In other words, we are each our own, with our own strengths and weaknesses, which are incomparable to others.
You can be inspired by what others are doing and what others have and want those things for yourself; however, when and how you achieve them will be completely different. In fact, it SHOULD be. When it comes to life, you should be living it your way, on your own terms.
The same goes for how you go about spending money and what you define as being important to you.
3 – Experiences Over Material Things.
Where is the bulk of your spending going? Are you more focused on material goods or on purchasing experiences?
A plethora of articles and studies exist describing how we need to focus on experiences versus you versus physical items as they can contribute to personal growth, teach valuable life lessons and change your perspective.
Traveling is probably the ultimate experience, but not the only one to consider. You don’t need a fancy Instagram-crazy trip to Greece. You just need to spend money and time in ways that allow you to try new things and step out of your comfort zone.
4 – With Material Goods, Choose Quality Over Quantity
While owning a lot of things might sound good because more is considered to be better, the opposite is true. It’s better to own less. Your home will be less crowded, and you’re less likely to have things in your home that you don’t use (which is super wasteful).
On that note, the focus on material goods should be on quality, not quantity.
It’s important to keep in mind certain things:
- Some high-quality items may cost more upfront but may also last much longer. Ultimately, this saves money and elevates your lifestyle (if that’s important to you). Put this into practice with clothes, shoes (they’ll last longer), and big-ticket items like furniture.
- Figure out which luxury items for you are a must and are not just keeping up with the Jones’s. You’ll get a better idea of where your money will give you happiness and satisfaction, and you’ll spend less time running after things to show off to other people.
No matter what, make it a point to take care of what you buy. Items that are cared for and maintained will last far longer than those that are not.
5- Shop With Intention & Stick To A Budget
Try not to buy anything new unless you really need it. Doing so reduces unnecessary spending and helps you focus on getting the best price and quality of the items you do need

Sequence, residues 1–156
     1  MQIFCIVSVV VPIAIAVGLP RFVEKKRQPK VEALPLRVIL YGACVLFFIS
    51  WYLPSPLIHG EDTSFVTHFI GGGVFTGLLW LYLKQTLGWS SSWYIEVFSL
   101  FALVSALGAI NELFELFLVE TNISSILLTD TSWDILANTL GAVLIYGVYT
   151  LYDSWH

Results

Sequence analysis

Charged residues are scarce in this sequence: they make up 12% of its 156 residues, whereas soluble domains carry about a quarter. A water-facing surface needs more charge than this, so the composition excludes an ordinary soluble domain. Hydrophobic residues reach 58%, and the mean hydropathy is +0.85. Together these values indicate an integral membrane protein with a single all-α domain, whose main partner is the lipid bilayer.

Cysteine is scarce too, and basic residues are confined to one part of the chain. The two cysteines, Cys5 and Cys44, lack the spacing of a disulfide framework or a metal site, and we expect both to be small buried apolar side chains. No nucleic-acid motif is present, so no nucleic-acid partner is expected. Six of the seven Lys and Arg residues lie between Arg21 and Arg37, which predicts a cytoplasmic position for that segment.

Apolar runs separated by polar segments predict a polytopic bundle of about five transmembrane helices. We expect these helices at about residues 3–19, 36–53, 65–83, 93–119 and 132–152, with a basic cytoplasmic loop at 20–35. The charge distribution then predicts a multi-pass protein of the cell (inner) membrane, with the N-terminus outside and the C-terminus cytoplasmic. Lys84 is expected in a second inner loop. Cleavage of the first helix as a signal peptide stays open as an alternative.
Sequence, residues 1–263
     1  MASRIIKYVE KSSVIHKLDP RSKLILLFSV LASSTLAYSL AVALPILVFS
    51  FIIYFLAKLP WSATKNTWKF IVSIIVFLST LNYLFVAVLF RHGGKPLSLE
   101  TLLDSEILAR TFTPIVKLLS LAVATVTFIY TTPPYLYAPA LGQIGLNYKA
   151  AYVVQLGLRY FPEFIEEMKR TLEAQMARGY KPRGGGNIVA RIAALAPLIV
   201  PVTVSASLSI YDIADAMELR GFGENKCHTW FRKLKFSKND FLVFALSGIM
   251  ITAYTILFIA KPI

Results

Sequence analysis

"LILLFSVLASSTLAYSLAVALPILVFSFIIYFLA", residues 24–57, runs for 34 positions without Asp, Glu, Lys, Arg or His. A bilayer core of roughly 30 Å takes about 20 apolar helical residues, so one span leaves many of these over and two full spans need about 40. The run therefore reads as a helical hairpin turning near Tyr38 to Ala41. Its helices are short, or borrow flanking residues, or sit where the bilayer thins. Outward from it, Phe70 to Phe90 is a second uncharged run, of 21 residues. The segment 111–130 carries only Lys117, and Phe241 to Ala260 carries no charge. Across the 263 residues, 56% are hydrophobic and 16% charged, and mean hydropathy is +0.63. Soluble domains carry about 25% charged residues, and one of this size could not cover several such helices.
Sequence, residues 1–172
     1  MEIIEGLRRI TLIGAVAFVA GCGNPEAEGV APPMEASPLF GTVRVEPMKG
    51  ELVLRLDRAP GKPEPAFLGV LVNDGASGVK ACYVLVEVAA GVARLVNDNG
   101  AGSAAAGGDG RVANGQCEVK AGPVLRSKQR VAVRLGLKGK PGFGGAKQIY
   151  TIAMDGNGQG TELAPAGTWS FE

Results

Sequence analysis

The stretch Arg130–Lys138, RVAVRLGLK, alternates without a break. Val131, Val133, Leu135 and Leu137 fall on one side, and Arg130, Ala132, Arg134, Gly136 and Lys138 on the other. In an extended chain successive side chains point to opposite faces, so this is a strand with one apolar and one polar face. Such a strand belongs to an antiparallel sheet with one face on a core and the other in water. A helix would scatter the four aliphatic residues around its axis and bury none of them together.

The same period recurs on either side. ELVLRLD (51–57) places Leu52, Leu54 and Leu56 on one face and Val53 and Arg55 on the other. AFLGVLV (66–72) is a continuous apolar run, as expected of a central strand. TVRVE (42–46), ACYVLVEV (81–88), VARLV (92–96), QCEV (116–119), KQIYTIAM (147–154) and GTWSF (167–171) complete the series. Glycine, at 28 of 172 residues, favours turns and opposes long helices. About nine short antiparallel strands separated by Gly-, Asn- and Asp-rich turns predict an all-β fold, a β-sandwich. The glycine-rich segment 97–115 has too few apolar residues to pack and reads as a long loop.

In addition, it’s not enough to afford or want something. You should have a reason, a passion, and a love for what you are getting. It should somehow enhance or HELP your life; otherwise, your purchases will just become a burden. For instance, that fancy car that you feel so-so about–not worth the money pit to impress your colleagues and neighbors.
Let’s stop spending unnecessarily on things that don’t help us or retain value; let’s first budget for what we really need and be intentional with what we want.
6 – Don’t Overpay For Life’s Essentials
If you have conversations with people about their regular spending, you’ll be amazed at what people don’t know or haven’t thought about where their money goes. Something simple, like groceries, can cost so much money if you don’t look around. Some will drive a few miles to fill up their tanks at Costco because it’s much cheaper there.
Life essentials like gas and groceries are just two examples of where we may ignore where we are spending money because they are essential. You need them anyway. However, taking notes and shopping around can make a big difference.
These categories are probably the hardest to alter simply because life responsibilities get in the way of putting this into action. Consider it food for thought; you don’t need to scrutinize every single item you purchase; however, if you DO have the time and notice differences in the marketplace, this may be worth paying attention to.